Your liver is an organ that has many important jobs.
It makes a fluid called bile that helps your body digest food. It also removes waste products and other toxins from your blood. It produces proteins, as well as substances that help your blood clot. Alcohol or drug use and diseases such as hepatitis can damage your liver and keep it from doing these jobs.
Normally, AST levels in your blood are low. When your liver is damaged, it puts more AST into your blood, and your levels rise.
A high AST level is a sign of liver damage, but it can also mean you have damage to another organ that makes it, like your heart or kidneys. That's why doctors often do the AST test together with tests of other liver enzymes.
Why Would I Need This Test?
Your doctor can order an AST test if you have symptoms of liver damage, such as:
- Yellow skin or eyes, called jaundice
- Swollen belly
- Stomach pain
- Appetite loss
- Itchy skin
- Dark-colored urine
- Light-colored poop
- Swelling in your legs and ankles
Other reasons to have this test:
- You've been exposed to the hepatitis virus.
- You drink a lot of alcohol.
- You take medicine that's known to damage the liver.
- You have a family history of liver disease.
- You have obesity.
- You have diabetes or metabolic syndrome.
- You’ve had nonalcoholic fatty liver disease.
Your doctor might also want you to get this test to see if treatments you take for liver disease are working.
The AST test is also part of a comprehensive metabolic panel -- a blood test your doctor does as part of a routine exam.
How Do I Prepare?
You don't need any special preparation for the ALT test.
Tell your doctor what drugs or supplements you take. Some medicines can affect the results of this test.
What Happens During the Test?
A nurse or lab tech will take a sample of your blood -- usually from a vein in your arm. They will first tie a band around the upper part of your arm to make your vein fill with blood and swell up. Then they will clean an area on your arm with an antiseptic and put a needle in one of your veins. Your blood will go into a vial or tube.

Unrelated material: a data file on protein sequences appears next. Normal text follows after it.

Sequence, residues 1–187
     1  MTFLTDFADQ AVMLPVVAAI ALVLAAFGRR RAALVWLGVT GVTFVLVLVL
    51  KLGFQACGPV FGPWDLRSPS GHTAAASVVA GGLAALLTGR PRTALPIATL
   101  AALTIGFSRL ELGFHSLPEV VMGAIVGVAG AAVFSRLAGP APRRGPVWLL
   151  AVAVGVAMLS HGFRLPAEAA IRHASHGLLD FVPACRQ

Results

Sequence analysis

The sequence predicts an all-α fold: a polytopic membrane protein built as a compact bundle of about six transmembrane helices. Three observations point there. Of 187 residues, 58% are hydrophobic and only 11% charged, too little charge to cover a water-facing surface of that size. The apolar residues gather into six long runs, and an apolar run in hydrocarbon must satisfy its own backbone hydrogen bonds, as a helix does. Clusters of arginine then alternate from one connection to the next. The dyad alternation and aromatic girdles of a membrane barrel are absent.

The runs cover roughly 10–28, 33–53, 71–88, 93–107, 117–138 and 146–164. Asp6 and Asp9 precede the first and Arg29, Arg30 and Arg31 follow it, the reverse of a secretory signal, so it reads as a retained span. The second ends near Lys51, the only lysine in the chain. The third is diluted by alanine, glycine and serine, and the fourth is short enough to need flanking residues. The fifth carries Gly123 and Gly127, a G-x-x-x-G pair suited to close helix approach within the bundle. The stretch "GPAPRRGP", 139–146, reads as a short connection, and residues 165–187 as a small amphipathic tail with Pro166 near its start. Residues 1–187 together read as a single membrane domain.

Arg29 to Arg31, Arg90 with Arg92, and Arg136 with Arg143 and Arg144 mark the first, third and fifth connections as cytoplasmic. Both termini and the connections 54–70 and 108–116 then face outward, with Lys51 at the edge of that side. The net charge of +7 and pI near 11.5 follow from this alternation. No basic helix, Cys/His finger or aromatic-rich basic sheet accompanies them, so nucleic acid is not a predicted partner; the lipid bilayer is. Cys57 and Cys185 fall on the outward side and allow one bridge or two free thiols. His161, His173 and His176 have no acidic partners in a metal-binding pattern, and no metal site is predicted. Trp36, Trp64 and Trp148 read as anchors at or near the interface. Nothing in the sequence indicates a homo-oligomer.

The blood test should only take a couple of minutes. After your blood is drawn, the lab tech will take off the band and pull out the needle. They’ll put a piece of gauze and a bandage where the needle went in to stop the bleeding.
What Are the Risks?
The AST blood test is safe. Risks are usually minor, and can include:
- Pain when the needle is inserted
- Fainting or feeling dizzy
What Do the Results Mean?
You should have the results in about a day. They are given in units per liter (units/L). Normal ranges are:
- Males: 10 to 40 units/L
- Females: 9 to 32 units/L
Your exact range may depend on which lab your doctor uses. Talk with them about the specifics of your case.
Higher-than-normal AST levels can be caused by:
- Chronic (ongoing) hepatitis
- Cirrhosis (long-term damage and scarring of the liver)
- Blockage in the bile ducts that carry digestive fluid from the liver to the gallbladder and intestine
- Liver cancer
Very high AST levels can be caused by:
- Acute viral hepatitis
- Damage to the liver from drugs or other toxic substances
- A blockage in blood flow to the liver
Your doctor might also compare your AST and ALT levels. If you have liver disease, usually your ALT level will be higher than your AST level.
These other conditions not tied to your liver can also raise your AST level:
Some diseases or medicines you take can cause a “false positive” result on the AST test. This means your test is positive, even though you don't have liver damage. Any of these can cause a false positive result:
Will I Take Other Tests?
AST is usually done as part of a group of liver function tests called a liver panel. It's often ordered with a test for alanine aminotransferase (ALT), another liver enzyme.
ALT is more accurate than AST at detecting liver disease. It can more accurately show whether the problem is in your liver or in another part of your body, like your heart or muscles.
Your doctor can compare the amount of ALT to AST in your blood to find out whether you have liver damage or a problem with another organ, such as your heart.
Your doctor might also do other tests of enzymes and proteins your liver makes, such as:
Talk with your doctor to make sure you understand all of your liver test results. Also find out how these results might affect your treatment.